Indianapolis City Ballet's Evening with the Stars Delights

It is an amazing amalgamation of jaw-dropping, heart-stopping performances that belie the posh title of the event.

Indianapolis City Ballet held its fifth-annual gala-style dance showcase on Saturday at the Murat Theatre. In brief, Evening with the Stars is an event meant to celebrate classical and contemporary ballet. In reality, it is an amazing amalgamation of jaw-dropping, heart-stopping performances that belie the posh title of the event. (A quiet night of soft music and superficially lovely dancing this is not. This writer would suggest retitling the show Bad-ass Ballet, but that wouldn’t be so dignified.)
This year’s lineup featured 19 of the best dancers from around the world (including one Indianapolis native!), set to perform 17 vignettes—short dances that ranged from excerpts of large-scale classic ballets to groundbreaking new contemporary works.
Pre-show, the audience was bubbly and expectant, even more energized than most are before a rock concert. And for good reason: Anyone within earshot of the ballet community knows that if you’re going to attend one dance event in Indianapolis, this is the one to choose.
The show opened with 14-year-old Indy native Demitra Bereveskos (student, Valentina Kozlova Dance Conservatory of New York), who bravely—and beautifully—performed a variation of the “Vision” solo from Sleeping Beauty. On the heels of that classic, and as a complete counterpoint, Robert Fairchild (principal, New York City Ballet) danced a dramatic contemporary solo to no music at all.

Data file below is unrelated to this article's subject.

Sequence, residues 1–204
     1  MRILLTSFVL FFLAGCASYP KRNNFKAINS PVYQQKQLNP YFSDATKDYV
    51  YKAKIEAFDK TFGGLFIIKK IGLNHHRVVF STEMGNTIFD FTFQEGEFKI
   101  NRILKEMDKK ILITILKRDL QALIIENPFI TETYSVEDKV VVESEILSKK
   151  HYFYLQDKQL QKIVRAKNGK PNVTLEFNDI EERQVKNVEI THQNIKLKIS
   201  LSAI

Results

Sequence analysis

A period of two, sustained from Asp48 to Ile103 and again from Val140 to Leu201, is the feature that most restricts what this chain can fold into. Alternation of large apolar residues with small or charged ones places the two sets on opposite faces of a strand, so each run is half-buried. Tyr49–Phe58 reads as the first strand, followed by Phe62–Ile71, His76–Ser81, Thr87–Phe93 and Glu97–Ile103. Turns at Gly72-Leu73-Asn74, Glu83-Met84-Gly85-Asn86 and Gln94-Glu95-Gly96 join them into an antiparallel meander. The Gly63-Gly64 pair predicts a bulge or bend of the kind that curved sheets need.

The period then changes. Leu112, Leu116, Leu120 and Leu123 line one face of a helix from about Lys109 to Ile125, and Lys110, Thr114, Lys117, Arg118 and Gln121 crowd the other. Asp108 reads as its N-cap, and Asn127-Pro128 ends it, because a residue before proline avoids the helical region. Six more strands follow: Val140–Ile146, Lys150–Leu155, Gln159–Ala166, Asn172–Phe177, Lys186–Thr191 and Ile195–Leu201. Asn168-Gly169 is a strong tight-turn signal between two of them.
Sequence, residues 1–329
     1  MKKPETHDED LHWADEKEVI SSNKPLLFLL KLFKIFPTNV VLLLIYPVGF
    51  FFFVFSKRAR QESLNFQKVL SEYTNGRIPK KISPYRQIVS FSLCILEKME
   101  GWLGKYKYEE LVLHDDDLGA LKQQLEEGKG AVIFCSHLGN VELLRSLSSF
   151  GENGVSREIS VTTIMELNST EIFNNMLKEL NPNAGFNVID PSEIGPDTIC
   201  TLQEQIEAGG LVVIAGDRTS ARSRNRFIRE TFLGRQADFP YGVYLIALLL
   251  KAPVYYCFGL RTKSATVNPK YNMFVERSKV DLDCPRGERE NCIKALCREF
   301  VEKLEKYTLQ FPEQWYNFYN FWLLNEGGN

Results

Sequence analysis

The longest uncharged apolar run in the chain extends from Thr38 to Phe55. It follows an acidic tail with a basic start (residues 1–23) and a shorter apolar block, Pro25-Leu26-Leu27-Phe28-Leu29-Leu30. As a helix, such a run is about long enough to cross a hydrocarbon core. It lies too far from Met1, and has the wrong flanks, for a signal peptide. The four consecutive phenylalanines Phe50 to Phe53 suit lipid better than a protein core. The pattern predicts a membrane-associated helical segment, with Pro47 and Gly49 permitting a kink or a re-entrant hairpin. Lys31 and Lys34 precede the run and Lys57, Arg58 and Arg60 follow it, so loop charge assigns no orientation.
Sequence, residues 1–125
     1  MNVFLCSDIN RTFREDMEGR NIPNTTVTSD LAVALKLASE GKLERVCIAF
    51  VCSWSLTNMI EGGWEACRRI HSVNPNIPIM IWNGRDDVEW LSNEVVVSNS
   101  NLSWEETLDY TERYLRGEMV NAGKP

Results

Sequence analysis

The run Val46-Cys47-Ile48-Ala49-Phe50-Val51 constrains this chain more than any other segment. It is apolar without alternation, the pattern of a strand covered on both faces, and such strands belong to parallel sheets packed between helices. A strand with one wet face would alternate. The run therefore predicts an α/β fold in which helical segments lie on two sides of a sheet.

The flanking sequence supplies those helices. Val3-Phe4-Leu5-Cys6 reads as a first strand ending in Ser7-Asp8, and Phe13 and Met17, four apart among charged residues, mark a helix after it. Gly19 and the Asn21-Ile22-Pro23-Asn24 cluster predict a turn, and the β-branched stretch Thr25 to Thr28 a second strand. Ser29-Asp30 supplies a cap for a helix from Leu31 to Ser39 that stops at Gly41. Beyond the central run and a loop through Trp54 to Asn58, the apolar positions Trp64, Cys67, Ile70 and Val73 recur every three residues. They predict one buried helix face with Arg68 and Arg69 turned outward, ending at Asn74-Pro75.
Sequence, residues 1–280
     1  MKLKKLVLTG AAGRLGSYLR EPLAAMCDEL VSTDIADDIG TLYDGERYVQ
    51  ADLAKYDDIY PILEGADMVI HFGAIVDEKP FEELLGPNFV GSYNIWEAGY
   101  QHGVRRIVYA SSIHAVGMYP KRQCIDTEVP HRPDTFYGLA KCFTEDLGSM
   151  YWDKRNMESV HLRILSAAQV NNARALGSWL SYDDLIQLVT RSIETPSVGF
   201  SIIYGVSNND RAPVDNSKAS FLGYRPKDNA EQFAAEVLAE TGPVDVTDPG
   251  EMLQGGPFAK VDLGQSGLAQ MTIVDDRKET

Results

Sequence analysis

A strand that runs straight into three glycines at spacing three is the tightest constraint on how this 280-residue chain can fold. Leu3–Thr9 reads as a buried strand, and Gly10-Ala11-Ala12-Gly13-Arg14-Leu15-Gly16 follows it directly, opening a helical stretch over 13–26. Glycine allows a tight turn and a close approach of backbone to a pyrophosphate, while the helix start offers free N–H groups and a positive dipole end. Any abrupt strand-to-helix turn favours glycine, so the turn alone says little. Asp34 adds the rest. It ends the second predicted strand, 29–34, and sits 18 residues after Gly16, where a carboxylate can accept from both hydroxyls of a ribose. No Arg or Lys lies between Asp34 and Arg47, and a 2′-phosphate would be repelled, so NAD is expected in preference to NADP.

The show ramped up from there.
It’s difficult to pick favorites among so many stellar performances, but midway through the first act, Tiler Peck (principal, New York City Ballet) and James Whiteside (soloist, American Ballet Theatre) took the “Pas De Deux” from Le Corsair, traditionally a very showy piece, to an astronomically high level. Both executed so many consecutive fouettes (this writer lost count around 20) that the audience cheered. And by the time intermission arrived—several awe-inspiring dances later—anyone could have left satisfied.
But had you departed, you would have missed up-and-comer Miko Fogarty’s beguiling solo from La Esmeralda. The 16-year-old is already a star in her own right—you can see her in the documentary First Position. Do stream it on Netflix, or look for her locally, as she’s training at the Indiana Ballet Conservatory.
What’s more, the newly engaged Peck and Fairchild premiered a piece, Rest Beloved, created specifically for them by renowned choreographer Cherylyn Lavagnino. Audience members gasped out loud at the superhuman lifts performed by Alicia Amatriain and Jason Reilly in Mono Lisa, an industrial, contemporary piece set to an angry samba of typewriter keystrokes. That pair, both principals with the Stuttgart Ballet, performed with a raw vigor that is usually masked in ballet. In one of many breathtaking moments, Reilly lifted Amatriain by her outstretched right leg, and once airborne she leaped over her extended limb with her other leg. (Yes, that actually happened.)
Elsewhere, Yuan Yuan Tan and Damian Smith (both principals, San Franciso Ballet) danced a shimmering, soft pas de deux with a giant swath of gossamer fabric—folding, wrapping, and bunching it over, around, and under themselves. Gillian Murphy (principal, American Ballet Theatre) and Whiteside performed a quintessential take on Black Swan Pas de Deux to wrap up the show.
It was beautiful. All of it.
In the past five years, those involved with Evening with the Stars have established it as one of the best performances money can buy in Indianapolis. If you have a limited budget for the arts, save now for the November 22, 2014, performance at Clowes Hall. Seats went for $35 to $85 this year, each a downright steal for the experience.
Photos by Gene Schiavone and courtesy Indianapolis City Ballet